“Brands can help retailers understand how consumer markets are segmented - a combination of price, functionality and maybe aesthetics. Retailers typically rely on the brands to provide shopper insights and smart brands might be able to use a "give-to-get" strategy to convince retailers to share detailed website data in return for category-building consumer insights.”
Marketplaces - particularly Amazon - will be the engines of future DIY growth
As in other categories, DIY and home improvement have also been subject to retail disruption wrought by Amazon’s power and ability to offer personalisation at scale.
In the most mature ecommerce market, the US, most shoppers begin their purchasing journey on Amazon. After exhausting the scramble for hand sanitiser and disinfectant wipes at the outset of the pandemic, the search turned to keywords related to home improvement. From Q2 to Q3 of 2020, the search rank for the term “home improvement” soared from below 40,000 to above 20,000 and this trend has continued into 2021.
At the end of March 2021, the search ranking for “home improvement” was still climbing, ending Q1 of this year above 15,000.
Edge by Ascential data shows that many wannabe home improvers may not have necessarily decided on a DIY project before turning to Amazon, with Prime becoming the go-to medium for discovery and inspiration to improve homes and gardens. Home improvement shows on Prime were trending in Q1 of 2020, while the generic search term “home improvement items” soared from a ranking of 450,000 in Q1 of 2020 to almost 50,000 in Q2 of 2020.
“Once DIY customers had exhausted their general home improvement research, they started to become more specific around supplies necessary for the projects they’d chosen, with the focus being indoors initially and then moving to their outdoor spaces as the weather got warmer,” says Stephanie Demascus, Senior Insights Manager, Edge by Ascential.”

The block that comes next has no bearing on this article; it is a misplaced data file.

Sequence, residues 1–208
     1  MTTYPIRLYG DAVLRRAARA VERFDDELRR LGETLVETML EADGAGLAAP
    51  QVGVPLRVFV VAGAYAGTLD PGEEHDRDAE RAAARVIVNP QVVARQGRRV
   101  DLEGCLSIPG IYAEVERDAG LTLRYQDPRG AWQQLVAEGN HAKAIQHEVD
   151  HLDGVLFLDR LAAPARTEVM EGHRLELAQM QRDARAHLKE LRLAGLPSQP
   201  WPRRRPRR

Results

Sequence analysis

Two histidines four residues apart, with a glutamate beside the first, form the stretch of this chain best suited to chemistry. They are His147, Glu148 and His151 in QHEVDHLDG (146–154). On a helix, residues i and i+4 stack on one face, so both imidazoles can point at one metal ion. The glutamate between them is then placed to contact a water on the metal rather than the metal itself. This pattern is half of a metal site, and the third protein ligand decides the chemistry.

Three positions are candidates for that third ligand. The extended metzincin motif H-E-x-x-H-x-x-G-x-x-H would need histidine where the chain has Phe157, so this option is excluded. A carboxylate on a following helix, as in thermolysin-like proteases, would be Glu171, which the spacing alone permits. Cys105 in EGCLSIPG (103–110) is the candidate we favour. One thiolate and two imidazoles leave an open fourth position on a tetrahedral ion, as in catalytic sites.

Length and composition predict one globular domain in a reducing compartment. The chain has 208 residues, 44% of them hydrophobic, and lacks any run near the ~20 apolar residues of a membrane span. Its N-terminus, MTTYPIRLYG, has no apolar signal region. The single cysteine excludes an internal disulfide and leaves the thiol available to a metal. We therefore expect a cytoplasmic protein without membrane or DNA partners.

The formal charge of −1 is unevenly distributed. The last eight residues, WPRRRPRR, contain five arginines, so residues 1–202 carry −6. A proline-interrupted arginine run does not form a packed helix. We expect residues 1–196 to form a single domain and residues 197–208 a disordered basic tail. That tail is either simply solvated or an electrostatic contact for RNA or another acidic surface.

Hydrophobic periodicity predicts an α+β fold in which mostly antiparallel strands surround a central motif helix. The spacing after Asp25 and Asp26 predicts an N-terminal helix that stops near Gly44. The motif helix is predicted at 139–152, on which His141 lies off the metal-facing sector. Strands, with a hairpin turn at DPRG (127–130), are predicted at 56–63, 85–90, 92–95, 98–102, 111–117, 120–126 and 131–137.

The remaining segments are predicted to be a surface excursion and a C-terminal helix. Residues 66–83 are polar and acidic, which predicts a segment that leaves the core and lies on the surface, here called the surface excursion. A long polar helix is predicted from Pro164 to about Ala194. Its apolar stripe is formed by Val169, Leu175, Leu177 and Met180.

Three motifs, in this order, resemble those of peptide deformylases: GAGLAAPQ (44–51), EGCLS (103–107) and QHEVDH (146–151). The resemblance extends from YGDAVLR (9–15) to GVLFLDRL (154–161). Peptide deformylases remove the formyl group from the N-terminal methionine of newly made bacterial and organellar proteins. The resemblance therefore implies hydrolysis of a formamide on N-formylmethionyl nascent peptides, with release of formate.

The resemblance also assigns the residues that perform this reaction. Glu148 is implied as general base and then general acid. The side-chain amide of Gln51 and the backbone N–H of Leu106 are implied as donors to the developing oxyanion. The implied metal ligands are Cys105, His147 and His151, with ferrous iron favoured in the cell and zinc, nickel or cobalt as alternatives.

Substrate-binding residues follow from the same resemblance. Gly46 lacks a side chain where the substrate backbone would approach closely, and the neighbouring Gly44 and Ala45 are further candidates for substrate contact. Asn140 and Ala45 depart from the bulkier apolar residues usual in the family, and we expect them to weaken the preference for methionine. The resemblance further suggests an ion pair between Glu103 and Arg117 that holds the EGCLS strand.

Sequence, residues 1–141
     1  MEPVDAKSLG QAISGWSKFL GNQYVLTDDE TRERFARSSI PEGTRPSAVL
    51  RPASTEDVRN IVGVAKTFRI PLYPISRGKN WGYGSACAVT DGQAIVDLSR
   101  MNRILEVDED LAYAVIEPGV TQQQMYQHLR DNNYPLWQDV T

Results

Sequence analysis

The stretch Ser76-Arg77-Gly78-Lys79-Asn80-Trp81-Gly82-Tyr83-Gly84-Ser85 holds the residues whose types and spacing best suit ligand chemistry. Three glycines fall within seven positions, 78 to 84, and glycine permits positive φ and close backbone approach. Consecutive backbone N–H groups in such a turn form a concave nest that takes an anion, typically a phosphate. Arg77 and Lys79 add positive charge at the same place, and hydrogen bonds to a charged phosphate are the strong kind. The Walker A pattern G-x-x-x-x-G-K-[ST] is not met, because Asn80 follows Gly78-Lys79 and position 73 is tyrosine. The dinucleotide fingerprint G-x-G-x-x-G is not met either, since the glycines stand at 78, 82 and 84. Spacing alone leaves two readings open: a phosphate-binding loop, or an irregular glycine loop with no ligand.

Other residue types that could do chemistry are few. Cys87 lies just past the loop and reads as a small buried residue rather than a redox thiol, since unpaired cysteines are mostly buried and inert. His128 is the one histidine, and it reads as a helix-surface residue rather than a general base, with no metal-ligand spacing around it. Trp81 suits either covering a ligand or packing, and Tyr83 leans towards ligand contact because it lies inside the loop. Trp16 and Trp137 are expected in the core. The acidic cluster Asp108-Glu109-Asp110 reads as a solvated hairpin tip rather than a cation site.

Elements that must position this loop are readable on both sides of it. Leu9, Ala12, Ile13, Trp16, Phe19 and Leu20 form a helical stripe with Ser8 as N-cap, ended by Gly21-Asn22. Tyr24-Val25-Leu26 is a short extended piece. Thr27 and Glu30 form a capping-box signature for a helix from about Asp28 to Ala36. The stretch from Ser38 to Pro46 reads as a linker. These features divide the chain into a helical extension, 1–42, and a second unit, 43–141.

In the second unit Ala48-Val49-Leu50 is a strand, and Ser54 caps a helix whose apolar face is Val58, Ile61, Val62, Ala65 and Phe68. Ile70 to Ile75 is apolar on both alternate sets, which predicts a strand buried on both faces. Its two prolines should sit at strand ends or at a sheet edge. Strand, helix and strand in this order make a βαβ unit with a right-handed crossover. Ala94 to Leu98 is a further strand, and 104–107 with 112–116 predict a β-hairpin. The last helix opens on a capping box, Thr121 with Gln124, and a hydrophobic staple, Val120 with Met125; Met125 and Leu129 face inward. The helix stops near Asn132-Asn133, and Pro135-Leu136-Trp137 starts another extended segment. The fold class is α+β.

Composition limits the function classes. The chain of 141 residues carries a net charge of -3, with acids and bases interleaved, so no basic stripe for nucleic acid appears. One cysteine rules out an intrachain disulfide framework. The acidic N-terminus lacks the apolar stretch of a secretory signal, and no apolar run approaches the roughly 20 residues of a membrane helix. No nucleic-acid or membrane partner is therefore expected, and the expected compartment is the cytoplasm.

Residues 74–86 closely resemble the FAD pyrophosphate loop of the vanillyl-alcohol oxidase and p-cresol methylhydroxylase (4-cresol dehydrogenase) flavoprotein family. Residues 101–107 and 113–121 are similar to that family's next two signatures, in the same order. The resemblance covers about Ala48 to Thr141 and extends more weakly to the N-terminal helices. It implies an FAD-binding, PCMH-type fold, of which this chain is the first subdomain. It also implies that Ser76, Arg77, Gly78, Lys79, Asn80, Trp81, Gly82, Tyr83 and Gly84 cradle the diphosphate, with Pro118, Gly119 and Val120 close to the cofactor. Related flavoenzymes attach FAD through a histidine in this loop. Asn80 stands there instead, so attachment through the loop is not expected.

To put Amazon’s growth in the DIY and home improvement category in perspective, between 2017 and 2019, the marketplace grew US sales in this category by 34%. In 2020, this figure almost doubled, with DIY-related sales of 63%. In comparison, Home Depot in the US grew sales by 64% in 2020 and Lowe’s 74%.
Edge by Ascential analysts predict that by 2025, Amazon’s US DIY and home improvement sales will almost double from 2020, while Walmart will emerge as a much bigger player and competitor in the space, as evidence suggests that homeowners in the US and other major markets will continue to prioritise their homes even as other discretionary spending shrinks in a difficult economic climate.
We forecast that Walmart DIY sales will more than double - growing by 114% - between 2020 and 2025.
“The changes in the shopping landscape that the pandemic has ushered in has been as true in the home improvement category as for others - and possibly more so, with the opportunities to inspire and support DIY enthusiasts through the virtual environment as well as the ease of offering tailored solutions, to home products and accessories like windows or sofas,” says Catherine Martelly, Insights Manager, Edge by Ascential.
“But at the same time, particularly for supplies, like tools and lawn care appliances, that are technical and complex to use, or smokers or fancy garden accessories like water fountains, product pages (PDPs) become incredibly important. ‘How to’ videos and specific assembly instructions must adequately replace the human customer support buyers would have access to in-store - or brands will be counting the cost of refunds when things go wrong.”
To find out more about how Edge by Ascential can help you succeed in digital commerce fill out the form below to be contacted by one of our Edge experts. On top of this, if you are interested in finding out more about how DIY and home improvement brands are adapting to the shift to ecommerce register for our DIY in the Digital Age Webcast by clicking this link now!